H.R.3261 - Stop Online Piracy Act
To promote prosperity, creativity, entrepreneurship, and innovation by combating the theft of U.S. property, and for other purposes. view all titles (7)
All Bill Titles
- Popular: SOPA as .
- Popular: Stop Online Piracy Act as introduced.
- Short: Stop Online Piracy Act as introduced.
- Official: To promote prosperity, creativity, entrepreneurship, and innovation by combating the theft of U.S. property, and for other purposes. as introduced.
- Popular: Enforcing and Protecting American Rights Against Sites Intent on Theft and Exploitation Act as introduced.
- Popular: E-PARASITE Act as introduced.
- Popular: SOPA.
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OpenCongress SummaryThis bill would establish a system for taking down websites that the Justice Department determines to be dedicated to copyright infringment. The DoJ or the copyright owner would be able to commence a legal action against any site they deem to have "only limited purpose or use other than infringement," and the DoJ would be allowed to demand that search engines, social networking sites and domain name services block access to the targeted site. It would also make unauthorized web streaming of copyrighted content a felony with a possible penalty up to five years in prison. This bill combines two separate Senate bills -- S.968 and S.978 -- into one big House bill.
Official SummaryStop Online Piracy Act - Authorizes the Attorney General (AG) to seek a court order against a U.S.-directed foreign Internet site committing or facilitating online piracy to require the owner, operator, or domain name registrant, or the site or domain name itself if such persons are unable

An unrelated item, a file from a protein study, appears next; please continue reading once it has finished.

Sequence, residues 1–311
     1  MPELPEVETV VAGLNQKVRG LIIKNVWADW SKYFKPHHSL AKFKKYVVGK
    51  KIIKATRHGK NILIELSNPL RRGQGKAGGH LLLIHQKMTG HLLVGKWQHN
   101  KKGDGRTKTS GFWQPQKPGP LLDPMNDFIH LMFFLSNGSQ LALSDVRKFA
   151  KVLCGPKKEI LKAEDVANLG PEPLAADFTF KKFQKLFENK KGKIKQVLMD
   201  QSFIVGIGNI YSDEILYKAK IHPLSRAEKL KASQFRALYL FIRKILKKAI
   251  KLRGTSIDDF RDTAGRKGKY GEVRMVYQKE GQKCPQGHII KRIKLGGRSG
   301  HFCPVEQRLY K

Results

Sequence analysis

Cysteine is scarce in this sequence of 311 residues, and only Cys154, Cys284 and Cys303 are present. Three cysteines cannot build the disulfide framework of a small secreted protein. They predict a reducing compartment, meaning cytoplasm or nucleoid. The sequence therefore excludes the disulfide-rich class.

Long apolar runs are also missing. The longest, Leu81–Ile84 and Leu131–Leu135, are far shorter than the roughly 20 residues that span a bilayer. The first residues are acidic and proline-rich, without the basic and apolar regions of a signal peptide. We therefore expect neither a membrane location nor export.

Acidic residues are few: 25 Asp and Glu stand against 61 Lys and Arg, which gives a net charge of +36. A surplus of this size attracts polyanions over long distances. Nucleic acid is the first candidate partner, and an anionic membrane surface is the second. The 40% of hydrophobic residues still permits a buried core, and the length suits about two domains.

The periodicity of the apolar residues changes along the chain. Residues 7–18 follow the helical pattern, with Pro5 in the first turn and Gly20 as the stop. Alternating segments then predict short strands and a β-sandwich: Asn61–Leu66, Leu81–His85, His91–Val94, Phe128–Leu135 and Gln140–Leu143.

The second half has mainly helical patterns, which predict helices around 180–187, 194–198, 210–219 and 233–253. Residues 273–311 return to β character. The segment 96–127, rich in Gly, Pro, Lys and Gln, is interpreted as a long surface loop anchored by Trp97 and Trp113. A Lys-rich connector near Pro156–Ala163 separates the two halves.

Official SummaryStop Online Piracy Act - Authorizes the Attorney General (AG) to seek a court order against a U.S.-directed foreign Internet site committing or facilitating online piracy to require the owner, operator, or domain name registrant, or the site or domain name itself if such persons are unable to be found, to cease and desist further activities constituting specified intellectual property offenses under the federal criminal code including criminal copyright infringement, unauthorized fixation and trafficking of sound recordings or videos of live musical performances, the recording of exhibited motion pictures, or trafficking in counterfeit labels, goods, or services. Sets forth an additional two-step process that allows an intellectual property right holder harmed by a U.S.-directed site dedicated to infringement, or a site promoted or used for infringement under certain circumstances, to first provide a written notification identifying the site to related payment network providers and Internet advertising services requiring such entities to forward the notification and suspend their services to such an identified site unless the site's owner, operator, or domain name registrant, upon receiving the forwarded notification, provides a counter notification explaining that it is not dedicated to engaging in specified violations. Authorizes the right holder to then commence an action for limited injunctive relief against the owner, operator, or domain name registrant, or against the site or domain name itself if such persons are unable to be found, if:
(1) such a counter notification is provided (and, if it is a foreign site, includes consent to U.S. jurisdiction to adjudicate whether the site is dedicated to such violations), or